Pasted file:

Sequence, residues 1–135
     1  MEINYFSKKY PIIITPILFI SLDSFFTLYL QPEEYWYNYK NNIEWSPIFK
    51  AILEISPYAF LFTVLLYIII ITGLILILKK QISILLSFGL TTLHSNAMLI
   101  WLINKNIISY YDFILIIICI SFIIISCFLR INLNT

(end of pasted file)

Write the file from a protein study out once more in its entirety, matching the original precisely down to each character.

Sequence, residues 1–135
     1  MEINYFSKKY PIIITPILFI SLDSFFTLYL QPEEYWYNYK NNIEWSPIFK
    51  AILEISPYAF LFTVLLYIII ITGLILILKK QISILLSFGL TTLHSNAMLI
   101  WLINKNIISY YDFILIIICI SFIIISCFLR INLNT